Illustration by Jennifer Choat
British Primatologist Dr Jane Goodall has studied chimpanzees in Tanzania’s Gombe National Park since 1960. Now an environmental activist, this UN Messenger for Peace spends three hundred days a year on the road in her mission to conserve the natural wonders of a world fissured by greed, apathy and wilful ignorance. Here’s what you can learn from Jane and her tribe.
Fuck the system.
Jane’s landmark discovery came in 1960, when she observed a chimpanzee modifying a blade of grass to fish termites from a clay mound. This was the first recorded instance of primate toolmaking, and it demanded a radical shift in the definition of evolved humans over adaptive apes.
Goodall’s findings in Tanzania were widely dismissed by her contemporaries. After all, here was a young woman with only a secretary course under her belt, compelled by a childhood fantasy of “going native”. Jane conducted her study on a shoestring budget, with no formal scientific qualifications. She broke every rule of objective observation, calling her chimpanzees by name and referring to their personalities.
Don’t be afraid to feel.
Goodall never relinquished her humanity in her study of animal life. It took her two years of concerted effort to gain the trust of the chimpanzees at Gombe. At first, she followed them from a respectful distance. As she appreciated their social, emotional and intellectual nuances, she was accepted as an observer into their circle. As a result, she had access to aspects of primate life that were hitherto unexplored.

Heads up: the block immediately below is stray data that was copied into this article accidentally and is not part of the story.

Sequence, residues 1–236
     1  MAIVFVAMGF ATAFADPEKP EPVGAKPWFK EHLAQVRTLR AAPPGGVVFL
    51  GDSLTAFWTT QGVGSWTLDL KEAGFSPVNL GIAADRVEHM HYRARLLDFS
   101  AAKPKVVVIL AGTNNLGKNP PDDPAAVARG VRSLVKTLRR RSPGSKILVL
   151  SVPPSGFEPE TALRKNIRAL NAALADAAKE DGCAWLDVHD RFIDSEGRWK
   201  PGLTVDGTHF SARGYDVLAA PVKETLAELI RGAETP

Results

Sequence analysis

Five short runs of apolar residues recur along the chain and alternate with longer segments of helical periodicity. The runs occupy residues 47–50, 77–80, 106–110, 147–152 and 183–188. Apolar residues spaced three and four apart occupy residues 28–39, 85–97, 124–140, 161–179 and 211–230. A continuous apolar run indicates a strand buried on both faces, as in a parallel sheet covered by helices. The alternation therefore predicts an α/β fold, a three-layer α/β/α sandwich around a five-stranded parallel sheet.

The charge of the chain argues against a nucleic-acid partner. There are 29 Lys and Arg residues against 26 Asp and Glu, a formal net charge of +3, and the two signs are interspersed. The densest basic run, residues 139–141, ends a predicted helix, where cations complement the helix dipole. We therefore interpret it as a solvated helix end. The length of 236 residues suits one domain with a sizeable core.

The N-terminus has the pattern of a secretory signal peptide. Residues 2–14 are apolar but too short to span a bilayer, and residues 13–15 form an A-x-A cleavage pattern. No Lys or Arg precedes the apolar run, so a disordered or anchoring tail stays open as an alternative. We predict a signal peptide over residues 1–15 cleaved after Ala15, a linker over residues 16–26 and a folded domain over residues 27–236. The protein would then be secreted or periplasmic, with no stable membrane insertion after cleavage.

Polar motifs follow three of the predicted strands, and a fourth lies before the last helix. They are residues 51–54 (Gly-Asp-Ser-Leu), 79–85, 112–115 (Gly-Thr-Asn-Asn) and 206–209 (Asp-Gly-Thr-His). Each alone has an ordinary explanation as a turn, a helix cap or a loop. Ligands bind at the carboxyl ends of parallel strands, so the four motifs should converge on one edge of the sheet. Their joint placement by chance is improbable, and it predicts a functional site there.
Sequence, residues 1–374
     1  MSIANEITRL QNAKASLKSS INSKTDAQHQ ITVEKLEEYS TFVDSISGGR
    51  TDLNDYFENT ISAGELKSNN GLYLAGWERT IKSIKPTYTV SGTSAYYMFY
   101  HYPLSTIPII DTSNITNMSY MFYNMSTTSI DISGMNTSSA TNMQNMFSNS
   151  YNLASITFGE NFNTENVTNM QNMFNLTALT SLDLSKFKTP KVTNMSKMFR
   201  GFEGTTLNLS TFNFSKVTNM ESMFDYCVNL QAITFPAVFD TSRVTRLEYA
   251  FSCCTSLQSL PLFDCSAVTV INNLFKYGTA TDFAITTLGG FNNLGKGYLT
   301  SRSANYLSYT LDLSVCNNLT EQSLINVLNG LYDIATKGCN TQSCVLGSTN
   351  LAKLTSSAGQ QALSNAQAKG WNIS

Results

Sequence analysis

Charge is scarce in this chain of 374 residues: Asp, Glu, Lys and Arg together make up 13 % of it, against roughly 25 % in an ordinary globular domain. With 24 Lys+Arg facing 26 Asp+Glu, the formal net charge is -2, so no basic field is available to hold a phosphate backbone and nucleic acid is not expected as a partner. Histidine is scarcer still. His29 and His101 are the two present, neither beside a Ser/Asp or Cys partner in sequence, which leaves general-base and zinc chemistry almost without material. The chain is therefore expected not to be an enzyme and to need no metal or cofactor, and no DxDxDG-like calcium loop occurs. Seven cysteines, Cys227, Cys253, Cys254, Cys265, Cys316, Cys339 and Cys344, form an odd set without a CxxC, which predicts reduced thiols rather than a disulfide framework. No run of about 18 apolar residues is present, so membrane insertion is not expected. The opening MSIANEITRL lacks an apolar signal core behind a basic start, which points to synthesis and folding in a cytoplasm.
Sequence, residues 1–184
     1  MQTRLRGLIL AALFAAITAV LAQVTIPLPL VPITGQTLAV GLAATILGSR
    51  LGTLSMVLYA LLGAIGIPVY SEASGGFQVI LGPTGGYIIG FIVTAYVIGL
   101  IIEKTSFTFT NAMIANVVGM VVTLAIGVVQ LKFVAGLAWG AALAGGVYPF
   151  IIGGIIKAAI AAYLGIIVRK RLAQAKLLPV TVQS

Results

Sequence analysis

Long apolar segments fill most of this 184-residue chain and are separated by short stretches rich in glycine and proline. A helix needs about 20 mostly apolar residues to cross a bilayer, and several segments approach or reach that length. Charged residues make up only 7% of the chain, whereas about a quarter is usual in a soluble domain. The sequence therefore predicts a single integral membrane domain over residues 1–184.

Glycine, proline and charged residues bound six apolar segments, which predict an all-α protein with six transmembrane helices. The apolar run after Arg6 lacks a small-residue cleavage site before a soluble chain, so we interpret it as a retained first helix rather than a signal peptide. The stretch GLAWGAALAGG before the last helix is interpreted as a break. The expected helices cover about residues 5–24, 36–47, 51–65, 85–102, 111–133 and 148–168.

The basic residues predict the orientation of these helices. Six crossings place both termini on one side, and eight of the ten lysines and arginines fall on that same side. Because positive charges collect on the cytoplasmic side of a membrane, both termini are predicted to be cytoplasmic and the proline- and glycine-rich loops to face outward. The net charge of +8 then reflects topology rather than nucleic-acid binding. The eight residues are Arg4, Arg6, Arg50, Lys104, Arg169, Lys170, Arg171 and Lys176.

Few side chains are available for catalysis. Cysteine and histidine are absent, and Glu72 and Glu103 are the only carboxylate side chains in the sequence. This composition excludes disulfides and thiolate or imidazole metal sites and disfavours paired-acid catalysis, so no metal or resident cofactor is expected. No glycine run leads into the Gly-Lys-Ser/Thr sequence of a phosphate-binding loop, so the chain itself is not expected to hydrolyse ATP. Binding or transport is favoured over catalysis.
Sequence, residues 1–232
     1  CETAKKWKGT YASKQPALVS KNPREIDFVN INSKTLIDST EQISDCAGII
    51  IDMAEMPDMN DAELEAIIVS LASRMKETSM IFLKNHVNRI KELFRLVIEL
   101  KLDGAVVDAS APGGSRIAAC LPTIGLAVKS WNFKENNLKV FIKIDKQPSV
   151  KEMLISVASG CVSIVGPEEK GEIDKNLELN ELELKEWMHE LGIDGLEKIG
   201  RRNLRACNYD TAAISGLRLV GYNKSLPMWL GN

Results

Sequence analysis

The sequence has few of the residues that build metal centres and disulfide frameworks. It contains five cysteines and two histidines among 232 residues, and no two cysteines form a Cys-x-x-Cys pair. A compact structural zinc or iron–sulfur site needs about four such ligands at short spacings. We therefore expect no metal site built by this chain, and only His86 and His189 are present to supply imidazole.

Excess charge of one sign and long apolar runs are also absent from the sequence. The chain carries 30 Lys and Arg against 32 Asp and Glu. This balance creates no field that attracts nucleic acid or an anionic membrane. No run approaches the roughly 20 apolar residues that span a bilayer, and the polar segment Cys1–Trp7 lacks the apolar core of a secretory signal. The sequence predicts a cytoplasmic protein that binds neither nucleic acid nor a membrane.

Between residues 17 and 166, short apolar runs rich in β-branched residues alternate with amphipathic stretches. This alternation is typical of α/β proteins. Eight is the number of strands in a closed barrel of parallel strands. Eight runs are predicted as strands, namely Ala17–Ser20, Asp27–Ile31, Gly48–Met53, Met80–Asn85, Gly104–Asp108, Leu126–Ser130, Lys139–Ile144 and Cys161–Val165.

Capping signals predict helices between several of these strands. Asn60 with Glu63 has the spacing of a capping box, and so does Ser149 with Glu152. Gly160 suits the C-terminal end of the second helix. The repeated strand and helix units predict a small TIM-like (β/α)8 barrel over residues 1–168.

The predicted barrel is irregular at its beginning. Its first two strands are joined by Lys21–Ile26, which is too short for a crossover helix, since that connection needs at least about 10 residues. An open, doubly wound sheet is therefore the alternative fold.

Jane is still a child at heart. Her articulate addresses are peppered with childish sayings. (“The line between human and animal life becomes wuzzier.”) She even has a plush toy monkey she brings to every talk as a kind of security blanket. It is this childish instinct—passion for discovery, the urge to break away from convention and—that we need to reclaim in scientific inquiry.
We’re closer than you think.
Jane’s study of the animal kingdom has revealed a few home truths about the human species. For instance, in spite of angsty post-adolescent independence, chimps suffer lifelong emotional attachment to their mothers. Even after they’ve broken off into their own family unit, they still search for maternal validation in their choice of (flat)mate.
In times of turf warfare chimps reassure each other with pats, strokes and a gentle hand-squeeze. Try these simple forms of intimacy the next time someone upsets your friend by claiming their writing desk in the Baillieu. After all, even sapient creatures need physical connection.